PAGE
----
The need for guesswork defies standards of criminal liability under international and U.S. law. Basic international human rights norms as well as domestic constitutional guarantees of due process prohibit vague and retroactive criminal punishment. As formulated by the U.S. Supreme Court, a law must “give a person of ordinary intelligence fair notice that his contemplated conduct is forbidden by the statute.” The objective is to discourage arbitrary and discriminatory arrests and prosecutions.
This conclusion is unavoidable: the working group’s definition of the crime of aggression is irretrievably vague. To use the apt phrase of the United States Supreme Court, it fails to provide “ascertainable standards of guilt.” And this infirmity cannot be cured by any of the options under consideration concerning Security Council participation or non-participation in the prosecutorial decision. All come down to two broad alternatives: inclusion or exclusion in the procedure surrounding the decision to prosecute.
Including the Council would cause the prosecutorial process to rest upon a “green light” by the Security Council – a finding that an act of aggression has occurred. But what limits would guide the Council? Under what definition of aggression would it proceed? The answer, of course, is none. The Council is possessed of broad discretion to determine for itself whether conduct in a given instance constitutes an act of aggression. The Council cannot be bound by any definition incorporated in the Rome Statute. As a result, any act of aggression will only be so classified ex post facto, on an ad hoc and subjective basis. The working group can label this as “procedural” or “jurisdictional”, but that does not change its substance: it is a due process problem, akin to prosecuting the crime of loitering only if the specific conduct in question is afterwards denominated loitering by an act of the city council. No amount of re-categorizing or re-labeling can alter the fact that the conduct in question will not have been prosecutable when it occurred.
Excluding the Council, on the other hand, would run afoul of the U.N. Charter. The Charter authorizes the Security Council to “determine the existence of any threat to the peace, breach of the peace, or act of aggression.” Judge Meron has correctly observed that “[t]he [Security] Council’s prerogative to determine the existence of an act of aggression under Article 39 . . . is exclusive.” This is confirmed by the International Court of Justice in the Certain Expenses Case. “[I]t is the Security Council which, exclusively, may order coercive action,” the Court said. “[I]t is the Security Council which is given a power to impose an explicit obligation of compliance if for example it issues an order or command to an aggressor under Chapter VII. It is only the Security Council which can require enforcement by coercive action against an aggressor.” Issuing an indictment for the crime of aggression would represent a coercive order or command executed without the consent of the state in question and therefore could not be carried out independently of the Security Council.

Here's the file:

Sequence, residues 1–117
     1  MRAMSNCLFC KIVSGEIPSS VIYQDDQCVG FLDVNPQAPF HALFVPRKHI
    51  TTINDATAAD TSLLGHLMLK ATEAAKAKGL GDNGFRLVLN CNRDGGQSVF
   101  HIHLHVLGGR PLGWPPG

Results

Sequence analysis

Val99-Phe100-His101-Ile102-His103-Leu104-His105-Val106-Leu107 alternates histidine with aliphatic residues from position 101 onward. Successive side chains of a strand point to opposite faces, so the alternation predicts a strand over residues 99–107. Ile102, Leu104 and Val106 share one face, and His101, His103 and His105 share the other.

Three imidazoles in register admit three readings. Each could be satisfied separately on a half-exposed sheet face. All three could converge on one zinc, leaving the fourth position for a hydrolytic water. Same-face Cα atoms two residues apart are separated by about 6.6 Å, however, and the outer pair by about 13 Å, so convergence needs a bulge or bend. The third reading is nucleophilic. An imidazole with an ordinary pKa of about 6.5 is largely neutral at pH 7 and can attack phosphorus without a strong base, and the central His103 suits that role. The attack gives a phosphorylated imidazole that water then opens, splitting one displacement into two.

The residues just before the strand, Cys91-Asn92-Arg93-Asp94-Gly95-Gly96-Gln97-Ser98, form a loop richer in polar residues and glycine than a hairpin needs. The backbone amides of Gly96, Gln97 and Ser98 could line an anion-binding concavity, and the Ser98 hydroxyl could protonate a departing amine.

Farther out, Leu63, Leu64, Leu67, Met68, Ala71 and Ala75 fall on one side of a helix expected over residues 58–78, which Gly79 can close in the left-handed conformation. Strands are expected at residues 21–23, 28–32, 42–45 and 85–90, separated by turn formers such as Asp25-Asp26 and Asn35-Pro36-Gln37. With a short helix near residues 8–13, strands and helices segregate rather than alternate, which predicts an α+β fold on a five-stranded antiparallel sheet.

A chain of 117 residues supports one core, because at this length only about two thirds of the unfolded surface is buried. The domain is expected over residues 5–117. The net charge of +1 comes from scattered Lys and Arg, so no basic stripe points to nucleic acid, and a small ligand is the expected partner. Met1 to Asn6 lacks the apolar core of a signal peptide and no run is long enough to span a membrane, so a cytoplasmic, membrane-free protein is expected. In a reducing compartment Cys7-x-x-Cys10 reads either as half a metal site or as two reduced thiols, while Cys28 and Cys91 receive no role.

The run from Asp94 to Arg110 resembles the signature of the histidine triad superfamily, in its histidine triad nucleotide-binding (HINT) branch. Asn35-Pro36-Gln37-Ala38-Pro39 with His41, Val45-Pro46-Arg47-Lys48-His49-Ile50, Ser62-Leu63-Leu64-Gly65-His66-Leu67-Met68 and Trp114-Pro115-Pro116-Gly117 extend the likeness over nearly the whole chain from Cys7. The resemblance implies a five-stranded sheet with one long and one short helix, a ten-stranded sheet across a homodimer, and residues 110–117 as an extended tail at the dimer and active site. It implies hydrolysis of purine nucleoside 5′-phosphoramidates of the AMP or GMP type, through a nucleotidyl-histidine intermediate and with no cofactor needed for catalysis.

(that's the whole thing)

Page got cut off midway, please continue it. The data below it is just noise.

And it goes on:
The Charter thus presents the states parties to the Rome Statute with an impossible choice: include the Security Council in the decision to prosecute and create inexorable retroactivity problems, or exclude the Council from that decision and create a structure incompatible with the Charter.
Why should all this matter if the United States continues to refuse to join the Court? The Statute, not surprisingly, is unclear whether the proposed crime would apply to non-parties. Under one plausible reading, however, leaders of non-party states could be prosecuted for the new crime of aggression. In any event, the United States may some day conclude that joining the Court would be profitable. But it will almost surely be impossible to join, politically as well as constitutionally, if this vague and overly-broad definition is adopted.
In the meantime, it makes sense for the United States to participate as an observer in next May’s proceedings to try to steer the Court’s members away from the proposed definition. The 1998 Rome Statute itself requires that it be applied “consistent with internationally recognized human rights.” No right is more fundamental than that of a criminal defendant to know what conduct is illegal at the time the conduct occurs. No one will gain if the Court is permitted to undermine that right.